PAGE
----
Project description:The primary objective of this study was to analyze the most up-to-date evidence regarding whether and how blood sugar regulation influences cardiovascular health promotion and disease prevention by carrying out an umbrella review. Three separate, systematic literature searches identified 2,343 papers in total. Overall, 44 studies were included for data extraction and analysis. The included systematic reviews and meta-analyses published between January 1, 2016, and December 31, 2017, were of good to very good quality (median Overview Quality Assessment Questionnaire score = 17). Identified evidence suggests that cardiovascular disease (CVD) prevention services should consider regulation of blood glucose as a key target for intervention. Furthermore, the recommendations for effective intervention and service development/training described here for prevention of CVD should be adopted into evidence-based practice guidelines. Multidisciplinary teams should be formed to deliver multicomponent interventions in community-based settings. There may be substantial opportunities for integrating CVD and diabetes prevention services.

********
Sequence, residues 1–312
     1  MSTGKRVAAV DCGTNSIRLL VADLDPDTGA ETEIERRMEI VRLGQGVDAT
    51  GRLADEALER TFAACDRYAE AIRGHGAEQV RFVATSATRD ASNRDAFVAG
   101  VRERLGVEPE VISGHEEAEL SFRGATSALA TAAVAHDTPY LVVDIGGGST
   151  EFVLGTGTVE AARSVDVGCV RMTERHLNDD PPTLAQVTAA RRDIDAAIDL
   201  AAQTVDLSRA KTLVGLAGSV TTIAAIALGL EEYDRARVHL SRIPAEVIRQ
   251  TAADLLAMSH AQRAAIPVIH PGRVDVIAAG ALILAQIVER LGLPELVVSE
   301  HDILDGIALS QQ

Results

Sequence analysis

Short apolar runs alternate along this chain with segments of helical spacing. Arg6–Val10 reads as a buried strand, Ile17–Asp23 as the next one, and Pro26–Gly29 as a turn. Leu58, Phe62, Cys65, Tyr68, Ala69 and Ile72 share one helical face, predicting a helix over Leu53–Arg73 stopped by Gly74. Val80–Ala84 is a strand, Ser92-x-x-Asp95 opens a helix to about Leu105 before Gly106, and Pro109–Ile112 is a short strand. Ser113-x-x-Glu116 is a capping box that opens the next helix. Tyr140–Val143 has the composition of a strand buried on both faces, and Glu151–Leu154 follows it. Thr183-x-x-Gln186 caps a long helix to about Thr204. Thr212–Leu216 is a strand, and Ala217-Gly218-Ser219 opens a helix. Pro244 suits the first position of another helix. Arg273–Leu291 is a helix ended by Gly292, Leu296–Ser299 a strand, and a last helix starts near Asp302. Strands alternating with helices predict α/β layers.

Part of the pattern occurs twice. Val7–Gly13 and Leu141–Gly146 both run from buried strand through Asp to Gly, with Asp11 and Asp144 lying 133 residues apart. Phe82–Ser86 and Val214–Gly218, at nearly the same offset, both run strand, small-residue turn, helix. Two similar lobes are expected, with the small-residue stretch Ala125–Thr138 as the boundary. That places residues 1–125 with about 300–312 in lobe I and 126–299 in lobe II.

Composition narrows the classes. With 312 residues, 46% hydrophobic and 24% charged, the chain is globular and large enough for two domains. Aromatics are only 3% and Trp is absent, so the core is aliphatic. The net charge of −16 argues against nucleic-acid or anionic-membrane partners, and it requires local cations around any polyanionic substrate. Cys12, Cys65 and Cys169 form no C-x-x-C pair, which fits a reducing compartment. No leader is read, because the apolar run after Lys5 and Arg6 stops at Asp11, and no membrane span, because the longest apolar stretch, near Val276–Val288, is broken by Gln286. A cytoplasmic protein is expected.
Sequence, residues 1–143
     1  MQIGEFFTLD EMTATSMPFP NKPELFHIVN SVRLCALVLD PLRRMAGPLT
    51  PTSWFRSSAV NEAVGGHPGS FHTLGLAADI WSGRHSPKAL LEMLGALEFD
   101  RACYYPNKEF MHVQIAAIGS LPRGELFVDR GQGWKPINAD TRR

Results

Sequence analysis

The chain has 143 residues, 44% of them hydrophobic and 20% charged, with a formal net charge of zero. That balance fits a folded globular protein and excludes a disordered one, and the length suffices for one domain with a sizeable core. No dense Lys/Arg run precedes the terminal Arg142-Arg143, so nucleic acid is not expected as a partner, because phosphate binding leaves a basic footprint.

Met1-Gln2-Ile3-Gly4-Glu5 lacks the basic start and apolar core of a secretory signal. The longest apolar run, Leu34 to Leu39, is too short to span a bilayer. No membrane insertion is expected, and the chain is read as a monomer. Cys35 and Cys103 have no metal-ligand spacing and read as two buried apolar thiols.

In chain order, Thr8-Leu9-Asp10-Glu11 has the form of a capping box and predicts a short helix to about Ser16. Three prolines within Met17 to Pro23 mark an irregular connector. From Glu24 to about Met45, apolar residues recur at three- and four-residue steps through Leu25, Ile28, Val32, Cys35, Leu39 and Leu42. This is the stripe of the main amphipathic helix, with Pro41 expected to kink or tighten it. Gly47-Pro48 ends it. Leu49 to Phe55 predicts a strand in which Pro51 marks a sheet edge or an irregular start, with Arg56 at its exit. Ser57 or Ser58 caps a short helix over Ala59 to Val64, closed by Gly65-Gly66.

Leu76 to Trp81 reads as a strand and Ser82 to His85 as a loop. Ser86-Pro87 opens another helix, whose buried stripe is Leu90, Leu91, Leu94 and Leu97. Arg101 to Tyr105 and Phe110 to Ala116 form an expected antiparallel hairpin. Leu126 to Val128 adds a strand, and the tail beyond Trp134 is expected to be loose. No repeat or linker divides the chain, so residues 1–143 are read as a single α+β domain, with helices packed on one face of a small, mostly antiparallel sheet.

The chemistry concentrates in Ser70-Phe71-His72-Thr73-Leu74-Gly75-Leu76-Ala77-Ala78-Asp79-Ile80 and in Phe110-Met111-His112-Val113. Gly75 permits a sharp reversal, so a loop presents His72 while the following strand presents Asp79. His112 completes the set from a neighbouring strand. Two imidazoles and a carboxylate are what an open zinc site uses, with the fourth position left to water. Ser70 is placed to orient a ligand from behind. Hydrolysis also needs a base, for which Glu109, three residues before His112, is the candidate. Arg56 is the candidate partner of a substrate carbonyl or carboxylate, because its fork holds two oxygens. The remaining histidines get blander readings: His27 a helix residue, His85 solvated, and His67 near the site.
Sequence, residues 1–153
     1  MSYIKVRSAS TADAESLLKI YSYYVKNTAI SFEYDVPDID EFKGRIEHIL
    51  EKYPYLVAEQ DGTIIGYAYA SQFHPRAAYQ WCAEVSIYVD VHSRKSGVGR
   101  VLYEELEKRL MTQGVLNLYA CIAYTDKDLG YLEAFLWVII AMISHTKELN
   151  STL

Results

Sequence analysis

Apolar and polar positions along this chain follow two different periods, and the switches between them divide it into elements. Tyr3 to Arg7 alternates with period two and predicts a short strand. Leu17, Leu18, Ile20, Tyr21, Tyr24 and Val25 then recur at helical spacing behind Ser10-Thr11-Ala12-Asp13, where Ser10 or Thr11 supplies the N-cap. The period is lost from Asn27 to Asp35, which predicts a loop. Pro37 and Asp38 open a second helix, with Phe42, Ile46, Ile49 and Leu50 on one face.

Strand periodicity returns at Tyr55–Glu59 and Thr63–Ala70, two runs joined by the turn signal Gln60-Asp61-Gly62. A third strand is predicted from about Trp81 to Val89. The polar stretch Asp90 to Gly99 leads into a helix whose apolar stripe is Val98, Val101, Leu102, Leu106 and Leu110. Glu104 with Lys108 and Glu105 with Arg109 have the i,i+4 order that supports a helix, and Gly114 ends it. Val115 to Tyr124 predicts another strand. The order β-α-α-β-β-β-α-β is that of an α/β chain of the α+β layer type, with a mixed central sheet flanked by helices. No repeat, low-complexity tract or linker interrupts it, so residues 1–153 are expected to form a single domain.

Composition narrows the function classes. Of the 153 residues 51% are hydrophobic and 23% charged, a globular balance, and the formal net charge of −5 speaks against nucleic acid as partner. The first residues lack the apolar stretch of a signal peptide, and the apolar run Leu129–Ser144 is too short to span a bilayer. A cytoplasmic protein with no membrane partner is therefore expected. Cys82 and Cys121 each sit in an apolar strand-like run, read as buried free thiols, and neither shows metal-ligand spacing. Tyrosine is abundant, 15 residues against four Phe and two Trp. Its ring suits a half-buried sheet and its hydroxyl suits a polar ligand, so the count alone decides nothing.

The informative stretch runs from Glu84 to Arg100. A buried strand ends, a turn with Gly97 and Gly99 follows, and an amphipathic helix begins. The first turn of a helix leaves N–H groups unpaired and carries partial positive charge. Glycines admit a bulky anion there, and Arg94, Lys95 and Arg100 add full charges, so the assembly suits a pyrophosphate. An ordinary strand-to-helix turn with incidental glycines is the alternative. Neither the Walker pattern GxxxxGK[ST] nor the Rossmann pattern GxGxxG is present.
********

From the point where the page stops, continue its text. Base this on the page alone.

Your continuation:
Project description:Melioidosis, a severe human disease caused by the bacterium Burkholderia pseudomallei, has a wide spectrum of clinical manifestations ranging from acute septicemia to chronic localized illness or latent infection. Murine models have been widely used to study the pathogenesis of infection and to evaluate novel therapies or vaccines, but how faithfully they recapitulate the biology of human melioidosis at a molecular level is not known. In this study, mice were intranasally infected with either high or low doses of B. pseudomallei to generate either acute, chronic, or latent infection and host blood and tissue transcriptional profiles were generated. Acute infection was accompanied by a homogeneous signature associated with induction of multiple innate immune response pathways, such as IL-10, TREM1, and IFN signaling, largely found in both blood and tissue. The transcriptional profile in blood reflected the heterogeneity of chronic infection and quantitatively reflected the severity of disease. Genes associated with fibrosis and tissue remodeling, including matrix metalloproteases and collagen, were upregulated in chronically infected mice with severe disease. Transcriptional signatures of both acute and chronic melioidosis revealed upregulation of iNOS in tissue, consistent with the expression of IFN-?, but also Arginase-1, a functional antagonist of the iNOS pathway, and was confirmed by immunohistochemistry. Comparison of these mouse blood datasets by pathway and modular analysis with the blood transcriptional signature of patients with melioidosis showed that many genes were similarly perturbed, including Arginase-1, IL-10, TREM1, and IFN signaling, revealing the common immune response occurring in both mice and humans.